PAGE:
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Book Chapter: Genetics

TitleGenetics
Authors
Issue Date2016
PublisherSpringer
Citation
Genetics. In Akbarnia, BA ; Yazici, M & Thompson, GH (Eds.), The Growing Spine: Management of Spinal Disorders in Young Children (2nd ed.), p. 15-30. Heidelberg: Springer, 2016 How to Cite?
AbstractDNA is the blueprint of our human body, and the variations in DNA are the source for the phenotypes of different individuals. With the advancement in the DNA sequencing technologies and the completion of the human HapMap project, we can now better determine the status of risk or causative genetic variants that may lead to the development of disease. Not only can we make use of the technologies to discover every type of DNA variations in the genome, such as single nucleotide polymorphisms and microsatellites, but other variations such as rare alleles and the copy number variations can also be unmasked. These variations may explain some more genetics effects for disease phenotypes and can be used as markers to study the relationship between genotypes and phenotypes. The use of linkage analysis on familial subjects, case-control association studies using population-based subjects on biologically relevant candidate genes or case-control association studies on a genome-wide scale using gene-chip arrays have made mapping of the disease gene possible. Scoliosis is a condition in which the spine becomes deformed and bent abnormally. It affects millions of growing children in the world. The cause is still ill defined. However, it is believed that scoliosis is a complex genetic disorder caused by multiple genes with small effects combined with environmental factors. Candidate-gene and genome-wide association studies using case-control design are the best tools to analyze complex disorders like scoliosis. We believe that with better understanding of human genetics, the cause of scoliosis will likely be elucidated in the not-too-distant future.
Persistent Identifierhttp://hdl.handle.net/10722/206164
ISBN

 

DC FieldValueLanguage
dc.contributor.authorCheung, KMC-
dc.contributor.authorTo, MKT-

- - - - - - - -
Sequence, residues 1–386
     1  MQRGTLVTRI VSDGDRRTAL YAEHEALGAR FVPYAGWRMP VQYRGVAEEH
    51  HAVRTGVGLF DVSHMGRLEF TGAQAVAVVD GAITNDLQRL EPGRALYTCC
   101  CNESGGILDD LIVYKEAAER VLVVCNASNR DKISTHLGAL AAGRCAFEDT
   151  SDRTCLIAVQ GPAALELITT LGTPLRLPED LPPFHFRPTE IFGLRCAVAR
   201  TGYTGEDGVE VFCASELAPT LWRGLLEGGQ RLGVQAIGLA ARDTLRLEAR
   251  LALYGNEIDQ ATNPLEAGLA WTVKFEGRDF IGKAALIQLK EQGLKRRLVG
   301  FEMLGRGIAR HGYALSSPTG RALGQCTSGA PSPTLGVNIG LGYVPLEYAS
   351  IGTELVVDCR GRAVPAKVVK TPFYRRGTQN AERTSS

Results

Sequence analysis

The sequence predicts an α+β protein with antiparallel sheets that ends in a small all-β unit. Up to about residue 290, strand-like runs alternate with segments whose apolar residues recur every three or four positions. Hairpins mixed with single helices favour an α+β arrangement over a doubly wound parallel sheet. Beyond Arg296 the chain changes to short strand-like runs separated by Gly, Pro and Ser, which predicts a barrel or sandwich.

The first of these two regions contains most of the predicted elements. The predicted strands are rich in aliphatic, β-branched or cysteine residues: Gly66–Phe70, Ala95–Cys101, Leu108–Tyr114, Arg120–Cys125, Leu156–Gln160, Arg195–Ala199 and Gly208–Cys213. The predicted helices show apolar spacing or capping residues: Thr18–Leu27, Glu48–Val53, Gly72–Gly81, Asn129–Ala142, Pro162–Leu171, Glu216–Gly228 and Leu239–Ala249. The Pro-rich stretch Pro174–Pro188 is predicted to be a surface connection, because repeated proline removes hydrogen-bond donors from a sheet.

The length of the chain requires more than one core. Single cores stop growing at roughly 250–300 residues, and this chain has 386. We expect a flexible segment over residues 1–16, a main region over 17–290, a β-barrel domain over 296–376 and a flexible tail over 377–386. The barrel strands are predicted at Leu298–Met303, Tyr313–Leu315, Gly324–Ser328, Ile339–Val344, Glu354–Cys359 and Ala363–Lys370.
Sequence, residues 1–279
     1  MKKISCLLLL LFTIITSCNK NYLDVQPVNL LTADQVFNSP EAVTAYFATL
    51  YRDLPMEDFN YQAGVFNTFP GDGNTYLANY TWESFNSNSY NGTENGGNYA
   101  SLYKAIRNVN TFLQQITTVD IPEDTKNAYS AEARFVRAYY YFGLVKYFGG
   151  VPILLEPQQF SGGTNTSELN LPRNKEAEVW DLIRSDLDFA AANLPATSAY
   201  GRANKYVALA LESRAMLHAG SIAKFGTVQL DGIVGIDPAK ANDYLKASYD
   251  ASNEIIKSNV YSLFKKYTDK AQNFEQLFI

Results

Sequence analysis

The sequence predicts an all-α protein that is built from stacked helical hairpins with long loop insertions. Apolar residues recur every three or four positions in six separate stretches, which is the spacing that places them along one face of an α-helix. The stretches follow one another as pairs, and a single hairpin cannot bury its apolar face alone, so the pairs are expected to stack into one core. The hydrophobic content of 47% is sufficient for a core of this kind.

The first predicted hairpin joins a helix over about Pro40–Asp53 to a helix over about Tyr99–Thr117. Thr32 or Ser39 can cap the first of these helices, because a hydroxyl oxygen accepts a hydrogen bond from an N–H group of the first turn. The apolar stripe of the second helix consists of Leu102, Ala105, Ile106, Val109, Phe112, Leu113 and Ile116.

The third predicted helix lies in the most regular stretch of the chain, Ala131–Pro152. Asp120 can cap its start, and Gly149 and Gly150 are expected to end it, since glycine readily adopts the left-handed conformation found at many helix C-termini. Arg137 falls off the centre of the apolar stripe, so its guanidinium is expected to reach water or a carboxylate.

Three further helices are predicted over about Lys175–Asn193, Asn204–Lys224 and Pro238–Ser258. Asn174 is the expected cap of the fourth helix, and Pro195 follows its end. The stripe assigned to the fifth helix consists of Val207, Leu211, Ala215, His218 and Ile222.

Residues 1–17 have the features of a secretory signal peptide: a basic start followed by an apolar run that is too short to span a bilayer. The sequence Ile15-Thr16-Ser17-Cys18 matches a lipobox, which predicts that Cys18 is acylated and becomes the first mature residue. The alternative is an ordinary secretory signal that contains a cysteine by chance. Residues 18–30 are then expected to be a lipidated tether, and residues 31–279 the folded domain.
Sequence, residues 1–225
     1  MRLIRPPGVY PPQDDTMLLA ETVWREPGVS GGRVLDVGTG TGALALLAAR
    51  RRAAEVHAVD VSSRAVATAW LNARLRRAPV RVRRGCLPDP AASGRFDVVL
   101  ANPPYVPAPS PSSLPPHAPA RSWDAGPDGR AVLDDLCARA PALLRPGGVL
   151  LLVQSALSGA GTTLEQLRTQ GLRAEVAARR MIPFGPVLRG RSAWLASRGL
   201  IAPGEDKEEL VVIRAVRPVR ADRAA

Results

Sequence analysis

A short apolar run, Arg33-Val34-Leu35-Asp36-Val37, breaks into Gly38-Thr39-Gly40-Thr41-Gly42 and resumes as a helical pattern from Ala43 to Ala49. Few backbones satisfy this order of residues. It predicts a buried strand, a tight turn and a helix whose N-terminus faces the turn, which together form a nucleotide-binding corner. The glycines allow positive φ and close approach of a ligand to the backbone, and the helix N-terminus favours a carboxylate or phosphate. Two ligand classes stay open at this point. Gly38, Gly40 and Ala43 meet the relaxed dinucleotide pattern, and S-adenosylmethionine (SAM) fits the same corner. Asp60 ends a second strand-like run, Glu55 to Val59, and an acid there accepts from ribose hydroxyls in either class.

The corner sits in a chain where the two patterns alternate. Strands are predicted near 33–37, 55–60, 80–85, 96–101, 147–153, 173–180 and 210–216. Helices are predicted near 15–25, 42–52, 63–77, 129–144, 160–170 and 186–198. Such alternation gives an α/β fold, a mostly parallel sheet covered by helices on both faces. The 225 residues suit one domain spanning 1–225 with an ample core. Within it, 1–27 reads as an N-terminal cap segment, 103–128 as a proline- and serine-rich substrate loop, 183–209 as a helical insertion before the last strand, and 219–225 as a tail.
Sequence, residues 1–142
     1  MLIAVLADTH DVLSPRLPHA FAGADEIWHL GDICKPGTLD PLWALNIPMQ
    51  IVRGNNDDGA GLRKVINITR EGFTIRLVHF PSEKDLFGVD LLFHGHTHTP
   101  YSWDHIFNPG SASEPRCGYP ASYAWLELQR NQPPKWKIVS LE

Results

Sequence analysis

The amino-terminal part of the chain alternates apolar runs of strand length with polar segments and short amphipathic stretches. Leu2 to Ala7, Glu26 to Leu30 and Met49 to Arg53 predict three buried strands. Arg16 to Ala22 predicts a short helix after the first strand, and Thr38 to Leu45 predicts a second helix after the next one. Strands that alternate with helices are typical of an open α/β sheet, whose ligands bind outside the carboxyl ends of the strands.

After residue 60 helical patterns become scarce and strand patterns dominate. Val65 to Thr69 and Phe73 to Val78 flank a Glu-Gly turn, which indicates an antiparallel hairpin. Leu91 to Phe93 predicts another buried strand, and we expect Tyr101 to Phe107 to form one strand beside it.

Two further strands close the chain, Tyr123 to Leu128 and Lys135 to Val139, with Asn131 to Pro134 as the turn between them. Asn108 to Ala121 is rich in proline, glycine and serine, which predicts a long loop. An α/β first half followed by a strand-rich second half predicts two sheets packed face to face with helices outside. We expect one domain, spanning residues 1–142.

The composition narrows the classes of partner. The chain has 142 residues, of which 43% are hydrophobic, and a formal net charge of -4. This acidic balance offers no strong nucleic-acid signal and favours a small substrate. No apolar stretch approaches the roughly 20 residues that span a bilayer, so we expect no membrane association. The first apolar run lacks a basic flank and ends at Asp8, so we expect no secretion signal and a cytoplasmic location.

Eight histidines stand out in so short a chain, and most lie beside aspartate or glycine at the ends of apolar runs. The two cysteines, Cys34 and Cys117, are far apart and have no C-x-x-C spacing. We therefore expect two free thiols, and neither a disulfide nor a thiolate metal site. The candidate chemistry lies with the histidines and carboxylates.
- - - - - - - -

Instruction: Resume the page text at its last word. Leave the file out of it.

dc.contributor.authorHo, DWH-
dc.contributor.authorSong, Y-
dc.date.accessioned2014-10-20T13:26:11Z-
dc.date.available2014-10-20T13:26:11Z-
dc.date.issued2016-
dc.identifier.citationGenetics. In Akbarnia, BA ; Yazici, M & Thompson, GH (Eds.), The Growing Spine: Management of Spinal Disorders in Young Children (2nd ed.), p. 15-30. Heidelberg: Springer, 2016-
dc.identifier.isbn978-3-662-48283-4-
dc.identifier.urihttp://hdl.handle.net/10722/206164-
dc.description.abstractDNA is the blueprint of our human body, and the variations in DNA are the source for the phenotypes of different individuals. With the advancement in the DNA sequencing technologies and the completion of the human HapMap project, we can now better determine the status of risk or causative genetic variants that may lead to the development of disease. Not only can we make use of the technologies to discover every type of DNA variations in the genome, such as single nucleotide polymorphisms and microsatellites, but other variations such as rare alleles and the copy number variations can also be unmasked. These variations may explain some more genetics effects for disease phenotypes and can be used as markers to study the relationship between genotypes and phenotypes. The use of linkage analysis on familial subjects, case-control association studies using population-based subjects on biologically relevant candidate genes or case-control association studies on a genome-wide scale using gene-chip arrays have made mapping of the disease gene possible. Scoliosis is a condition in which the spine becomes deformed and bent abnormally. It affects millions of growing children in the world. The cause is still ill defined. However, it is believed that scoliosis is a complex genetic disorder caused by multiple genes with small effects combined with environmental factors. Candidate-gene and genome-wide association studies using case-control design are the best tools to analyze complex disorders like scoliosis. We believe that with better understanding of human genetics, the cause of scoliosis will likely be elucidated in the not-too-distant future.-
dc.languageeng-
dc.publisherSpringer-
dc.relation.ispartofThe Growing Spine: Management of Spinal Disorders in Young Children (2nd ed.)-
dc.titleGenetics-
dc.typeBook_Chapter-
dc.identifier.emailCheung, KMC: cheungmc@hku.hk-
dc.identifier.emailTo, MKT: mikektto@hku.hk-
dc.identifier.emailHo, DWH: dwhho@hku.hk-
dc.identifier.emailSong, Y: songy@hku.hk-
dc.identifier.authorityCheung, KMC=rp00387-
dc.identifier.authorityTo, MKT=rp00302-
dc.identifier.authoritySong, Y=rp00488-
dc.identifier.doi10.1007/978-3-662-48284-1_2-
dc.identifier.hkuros241180-
dc.identifier.spage15-
dc.identifier.epage30-
dc.publisher.placeHeidelberg-

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